This is one of those things I probably should've realised a long time ago, and plenty of people probably already do know, but for those of you that don't, I discovered a little tip for learning some covers the other day. We were chucking around the idea of doing a version of Police and Thieves, and to get a starting point, I was looking at the tab and spotted those annoying 10's and 9's. On a bass guitar, not a problem, but on a proper bass, once you get to around the B on the E string (or where the 7th fret would be if there were any) you kinda run out of easily accessible neck, as demoed by this handy diagram:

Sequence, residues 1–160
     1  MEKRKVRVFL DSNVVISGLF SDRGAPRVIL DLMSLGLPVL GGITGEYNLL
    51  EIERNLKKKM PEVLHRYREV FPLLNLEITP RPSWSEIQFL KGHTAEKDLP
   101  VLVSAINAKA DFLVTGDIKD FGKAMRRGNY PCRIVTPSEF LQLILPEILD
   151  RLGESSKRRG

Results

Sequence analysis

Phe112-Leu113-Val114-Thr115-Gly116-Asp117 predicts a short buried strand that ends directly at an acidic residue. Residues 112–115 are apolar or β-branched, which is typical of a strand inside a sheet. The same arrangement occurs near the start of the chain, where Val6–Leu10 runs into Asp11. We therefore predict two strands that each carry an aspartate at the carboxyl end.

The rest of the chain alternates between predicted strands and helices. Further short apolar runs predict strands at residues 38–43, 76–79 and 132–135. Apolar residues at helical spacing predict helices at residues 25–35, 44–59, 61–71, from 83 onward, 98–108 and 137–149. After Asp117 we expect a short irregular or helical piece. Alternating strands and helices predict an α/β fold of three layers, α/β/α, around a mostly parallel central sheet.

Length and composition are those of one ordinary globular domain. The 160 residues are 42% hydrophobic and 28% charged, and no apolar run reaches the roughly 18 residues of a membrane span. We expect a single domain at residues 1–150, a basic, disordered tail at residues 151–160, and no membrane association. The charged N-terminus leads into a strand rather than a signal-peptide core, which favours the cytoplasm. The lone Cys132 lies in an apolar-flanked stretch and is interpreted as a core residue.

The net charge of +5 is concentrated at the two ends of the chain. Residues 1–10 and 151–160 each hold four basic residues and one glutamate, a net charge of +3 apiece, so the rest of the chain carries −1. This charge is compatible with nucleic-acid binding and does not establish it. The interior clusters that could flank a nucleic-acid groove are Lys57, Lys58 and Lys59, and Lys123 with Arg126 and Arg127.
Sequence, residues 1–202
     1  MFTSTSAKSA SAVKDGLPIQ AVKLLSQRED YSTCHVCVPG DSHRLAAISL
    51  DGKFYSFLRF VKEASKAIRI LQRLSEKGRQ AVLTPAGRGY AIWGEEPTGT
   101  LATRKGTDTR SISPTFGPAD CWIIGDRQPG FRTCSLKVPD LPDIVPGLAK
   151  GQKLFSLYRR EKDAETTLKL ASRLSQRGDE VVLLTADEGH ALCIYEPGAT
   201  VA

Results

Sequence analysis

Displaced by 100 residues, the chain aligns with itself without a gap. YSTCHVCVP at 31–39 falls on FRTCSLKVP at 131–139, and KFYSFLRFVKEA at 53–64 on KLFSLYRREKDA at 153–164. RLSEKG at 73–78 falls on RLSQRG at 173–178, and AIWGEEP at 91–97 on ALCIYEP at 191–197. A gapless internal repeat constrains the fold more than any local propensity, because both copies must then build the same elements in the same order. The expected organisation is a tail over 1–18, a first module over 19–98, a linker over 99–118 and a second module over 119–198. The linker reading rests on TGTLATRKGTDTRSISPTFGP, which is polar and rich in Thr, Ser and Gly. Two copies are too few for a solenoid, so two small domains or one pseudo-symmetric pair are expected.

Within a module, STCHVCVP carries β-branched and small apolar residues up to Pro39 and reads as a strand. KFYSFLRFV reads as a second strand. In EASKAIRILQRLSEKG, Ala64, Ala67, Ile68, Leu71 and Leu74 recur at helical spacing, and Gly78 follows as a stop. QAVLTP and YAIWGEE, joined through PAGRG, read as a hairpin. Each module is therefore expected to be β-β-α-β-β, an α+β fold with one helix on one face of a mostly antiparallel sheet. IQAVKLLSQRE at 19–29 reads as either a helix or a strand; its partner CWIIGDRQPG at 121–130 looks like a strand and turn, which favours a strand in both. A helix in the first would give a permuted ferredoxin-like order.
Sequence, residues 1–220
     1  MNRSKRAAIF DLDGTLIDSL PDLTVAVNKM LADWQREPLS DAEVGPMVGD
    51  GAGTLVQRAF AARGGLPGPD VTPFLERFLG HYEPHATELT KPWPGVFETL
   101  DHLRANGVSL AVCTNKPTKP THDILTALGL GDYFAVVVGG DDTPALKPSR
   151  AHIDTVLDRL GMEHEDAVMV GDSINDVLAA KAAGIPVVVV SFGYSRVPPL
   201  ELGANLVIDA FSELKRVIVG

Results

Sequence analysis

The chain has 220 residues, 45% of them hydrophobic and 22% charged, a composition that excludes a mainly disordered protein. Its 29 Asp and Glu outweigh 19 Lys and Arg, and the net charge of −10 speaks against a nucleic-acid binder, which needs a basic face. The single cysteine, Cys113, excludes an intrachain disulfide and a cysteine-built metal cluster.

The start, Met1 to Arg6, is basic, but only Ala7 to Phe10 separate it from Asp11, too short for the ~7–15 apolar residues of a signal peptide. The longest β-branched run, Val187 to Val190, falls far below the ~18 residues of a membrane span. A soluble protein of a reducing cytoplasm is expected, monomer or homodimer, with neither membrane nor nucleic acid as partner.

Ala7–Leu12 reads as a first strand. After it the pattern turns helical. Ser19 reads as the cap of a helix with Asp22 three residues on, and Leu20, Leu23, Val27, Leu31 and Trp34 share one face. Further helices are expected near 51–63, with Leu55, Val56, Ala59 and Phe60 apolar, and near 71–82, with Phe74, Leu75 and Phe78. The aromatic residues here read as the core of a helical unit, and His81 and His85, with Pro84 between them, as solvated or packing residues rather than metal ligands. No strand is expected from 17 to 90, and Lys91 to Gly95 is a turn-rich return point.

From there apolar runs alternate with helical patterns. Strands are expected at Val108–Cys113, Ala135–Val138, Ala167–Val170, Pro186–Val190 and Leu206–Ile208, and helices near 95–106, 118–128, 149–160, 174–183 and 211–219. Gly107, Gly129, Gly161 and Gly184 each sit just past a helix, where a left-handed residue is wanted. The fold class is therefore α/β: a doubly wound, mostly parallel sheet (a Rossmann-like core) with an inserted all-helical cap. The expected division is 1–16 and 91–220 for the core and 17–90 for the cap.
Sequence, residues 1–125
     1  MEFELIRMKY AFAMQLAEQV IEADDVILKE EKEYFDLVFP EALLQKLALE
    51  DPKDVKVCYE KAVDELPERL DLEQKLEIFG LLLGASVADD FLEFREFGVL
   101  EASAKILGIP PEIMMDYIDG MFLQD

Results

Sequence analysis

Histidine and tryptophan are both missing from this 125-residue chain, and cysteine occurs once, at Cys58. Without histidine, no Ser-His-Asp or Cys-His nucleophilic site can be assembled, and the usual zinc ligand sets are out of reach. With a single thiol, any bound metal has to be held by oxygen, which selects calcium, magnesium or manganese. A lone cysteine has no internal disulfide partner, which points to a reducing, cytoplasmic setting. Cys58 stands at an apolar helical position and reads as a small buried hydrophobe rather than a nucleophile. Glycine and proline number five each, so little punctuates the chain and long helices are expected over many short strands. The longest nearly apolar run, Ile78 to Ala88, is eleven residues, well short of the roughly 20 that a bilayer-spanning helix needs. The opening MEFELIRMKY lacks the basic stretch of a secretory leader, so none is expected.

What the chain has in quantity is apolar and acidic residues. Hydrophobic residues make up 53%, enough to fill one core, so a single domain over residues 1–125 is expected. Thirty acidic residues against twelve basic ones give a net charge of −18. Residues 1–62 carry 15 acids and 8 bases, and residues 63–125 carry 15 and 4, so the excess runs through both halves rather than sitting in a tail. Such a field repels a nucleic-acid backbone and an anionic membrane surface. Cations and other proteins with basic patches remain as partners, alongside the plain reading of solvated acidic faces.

Once you're past that point, for a lot of players (or maybe just hacks like me) intonation tends to get a little ropey, so we try and stay in the lower (pitch-wise) regions of the strings so we don't have to get all hunkered down over the bass.
After a few seconds of my brain churning, I realised that if that note on the 10th fret of the A string (G) was that far "down", it had to show up on the D string further "up", et voilà, 5th fret on the D is G, and the others are all around, but the trick that for some reason hadn't clicked for me until then, was that all you have to do, to work out where a note is on the next highest string (assuming you know which fret it's meant to be on), is -5.